Yellow roses

by Sarah Luna

It seems like life has been going nonstop for the past two weeks. Usually the weekends are my time to partially catch up with ever-increasing mounds of work I have to do. However, I was in NYC last weekend and Maryland the weekend before.

I finally went grocery shopping for the first time in three weeks. In addition to food, I bought a lovely bouquet of yellow roses. I am tired of seeing white everywhere, and even though we had a foot of snow on Monday, my mind equates March with the beginning of spring. I needed to have some life in my apartment.

I think of Age of Innocence when I see yellow roses.

His eye lit on a cluster of yellow roses. He had never seen any as sun-golden before, and his first impulse was to send them to May [his fiancée] instead of the lilies. But they did not look like her—there was something too rich, too strong, in their fiery beauty.

Instead the protagonist sends them to a woman named Ellen–a woman “trying desperately to fit in and finally failing and being expelled.” She is outside of polite society.

I wonder how I would fit in the 1870s. Would I adhere to society’s expectations of women? But I don’t even have to think about it in the 1870s…even by today’s standards, I am not really a conventional woman.

Most of the time, I’m ok with this, but sometimes I worry about not having a culture that dictates what I’m supposed to do. I try to live by the rules and principles that I was taught, but I am not in an environment that enforces those rules. (and now I think of Jane Eyre and her unwavering dedication to her moral code)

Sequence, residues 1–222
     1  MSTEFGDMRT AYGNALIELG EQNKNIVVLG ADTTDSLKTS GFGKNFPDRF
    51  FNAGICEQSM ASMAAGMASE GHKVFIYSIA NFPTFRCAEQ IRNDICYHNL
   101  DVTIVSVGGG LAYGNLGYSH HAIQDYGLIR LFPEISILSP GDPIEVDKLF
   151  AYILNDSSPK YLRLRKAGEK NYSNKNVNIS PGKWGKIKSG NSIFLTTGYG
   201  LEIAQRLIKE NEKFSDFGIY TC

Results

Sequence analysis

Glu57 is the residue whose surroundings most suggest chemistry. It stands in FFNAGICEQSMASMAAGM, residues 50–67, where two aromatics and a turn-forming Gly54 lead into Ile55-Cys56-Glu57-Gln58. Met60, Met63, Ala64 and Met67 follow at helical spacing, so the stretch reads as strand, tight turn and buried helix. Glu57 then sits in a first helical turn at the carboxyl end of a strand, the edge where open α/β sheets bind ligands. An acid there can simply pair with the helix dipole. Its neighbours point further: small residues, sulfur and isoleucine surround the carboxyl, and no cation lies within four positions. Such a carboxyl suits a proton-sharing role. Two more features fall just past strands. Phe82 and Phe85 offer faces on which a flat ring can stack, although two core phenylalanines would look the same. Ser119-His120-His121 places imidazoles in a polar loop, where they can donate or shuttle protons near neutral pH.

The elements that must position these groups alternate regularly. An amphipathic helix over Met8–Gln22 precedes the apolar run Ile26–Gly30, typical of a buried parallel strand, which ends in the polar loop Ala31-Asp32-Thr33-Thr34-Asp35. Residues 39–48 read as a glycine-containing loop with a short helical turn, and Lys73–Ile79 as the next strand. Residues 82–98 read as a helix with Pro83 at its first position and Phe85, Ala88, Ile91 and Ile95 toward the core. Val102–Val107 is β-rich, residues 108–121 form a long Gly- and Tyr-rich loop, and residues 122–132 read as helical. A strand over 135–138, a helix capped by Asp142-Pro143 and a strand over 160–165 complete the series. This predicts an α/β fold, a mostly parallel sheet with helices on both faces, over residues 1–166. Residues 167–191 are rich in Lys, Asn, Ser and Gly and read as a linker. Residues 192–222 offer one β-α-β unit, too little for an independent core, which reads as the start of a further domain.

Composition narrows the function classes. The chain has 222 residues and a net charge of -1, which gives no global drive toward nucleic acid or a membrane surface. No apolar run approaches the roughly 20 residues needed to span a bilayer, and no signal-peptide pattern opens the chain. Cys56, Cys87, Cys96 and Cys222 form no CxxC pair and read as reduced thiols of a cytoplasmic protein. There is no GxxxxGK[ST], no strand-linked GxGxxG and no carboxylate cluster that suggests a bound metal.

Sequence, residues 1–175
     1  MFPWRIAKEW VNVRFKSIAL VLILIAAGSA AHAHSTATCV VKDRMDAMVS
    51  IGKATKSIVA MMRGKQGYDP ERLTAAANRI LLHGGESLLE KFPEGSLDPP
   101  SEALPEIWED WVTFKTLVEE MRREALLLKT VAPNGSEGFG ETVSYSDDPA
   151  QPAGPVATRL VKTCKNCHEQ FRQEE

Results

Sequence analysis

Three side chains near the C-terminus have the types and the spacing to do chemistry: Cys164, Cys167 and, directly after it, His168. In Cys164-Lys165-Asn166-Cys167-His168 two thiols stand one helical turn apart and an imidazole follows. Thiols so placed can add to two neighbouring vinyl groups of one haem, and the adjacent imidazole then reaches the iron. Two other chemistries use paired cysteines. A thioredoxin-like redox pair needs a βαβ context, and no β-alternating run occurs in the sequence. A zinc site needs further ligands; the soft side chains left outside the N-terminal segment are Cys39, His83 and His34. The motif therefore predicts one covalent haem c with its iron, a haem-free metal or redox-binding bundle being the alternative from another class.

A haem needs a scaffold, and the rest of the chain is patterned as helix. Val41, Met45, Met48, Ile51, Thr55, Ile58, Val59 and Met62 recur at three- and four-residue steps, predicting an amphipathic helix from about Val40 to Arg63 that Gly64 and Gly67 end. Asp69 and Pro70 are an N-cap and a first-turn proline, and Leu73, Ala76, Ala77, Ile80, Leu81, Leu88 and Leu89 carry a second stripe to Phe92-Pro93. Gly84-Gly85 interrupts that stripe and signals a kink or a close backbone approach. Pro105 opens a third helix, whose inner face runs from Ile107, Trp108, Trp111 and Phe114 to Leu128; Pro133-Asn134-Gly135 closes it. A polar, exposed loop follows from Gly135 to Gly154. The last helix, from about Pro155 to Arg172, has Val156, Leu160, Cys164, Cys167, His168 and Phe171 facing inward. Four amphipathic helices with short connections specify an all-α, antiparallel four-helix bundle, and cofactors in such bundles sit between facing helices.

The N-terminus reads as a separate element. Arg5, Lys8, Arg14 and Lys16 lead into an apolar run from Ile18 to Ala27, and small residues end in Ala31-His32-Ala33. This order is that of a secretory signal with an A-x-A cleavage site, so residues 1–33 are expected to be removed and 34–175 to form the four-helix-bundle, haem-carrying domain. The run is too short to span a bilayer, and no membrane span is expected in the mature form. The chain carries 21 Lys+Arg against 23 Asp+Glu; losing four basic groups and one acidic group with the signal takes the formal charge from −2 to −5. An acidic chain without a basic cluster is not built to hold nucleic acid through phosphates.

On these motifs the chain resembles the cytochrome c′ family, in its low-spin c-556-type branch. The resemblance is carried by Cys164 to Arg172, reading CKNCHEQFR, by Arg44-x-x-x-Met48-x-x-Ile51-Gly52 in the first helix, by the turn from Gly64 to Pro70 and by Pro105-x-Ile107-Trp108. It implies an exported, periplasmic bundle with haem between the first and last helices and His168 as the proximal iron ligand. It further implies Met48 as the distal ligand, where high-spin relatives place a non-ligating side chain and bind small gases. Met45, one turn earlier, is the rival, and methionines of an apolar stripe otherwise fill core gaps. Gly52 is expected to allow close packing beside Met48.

Last Friday, I watched the movie Arranged which depicts the different processes of arranging marriages for an Orthodox Jewish woman and a Muslim woman. These two women come from very different cultural and religious backgrounds and befriend each other. One of the major things I noticed in this film was the contrast between these two women and the “modern” women. The modern women were loud, frivolous, shallow, and ignorant while the traditional women were modest, thoughtful, and aware of their own traditions. (And I know that this difference was exaggerated to make a point.) Things weren’t always easy for them, but they acted with purpose.

Ever since moving to Ithaca, I’ve focused on becoming an independent young woman and learning how to take care of myself completely by myself. I wonder what kind of woman this is turning me into. Is this really the right approach?

Ok, it’s 3:15am…I just lost an hour of sleep due to daylight savings time. I have a blog post written in my head on the differences between boys and girls; hopefully I’ll write it tomorrow.

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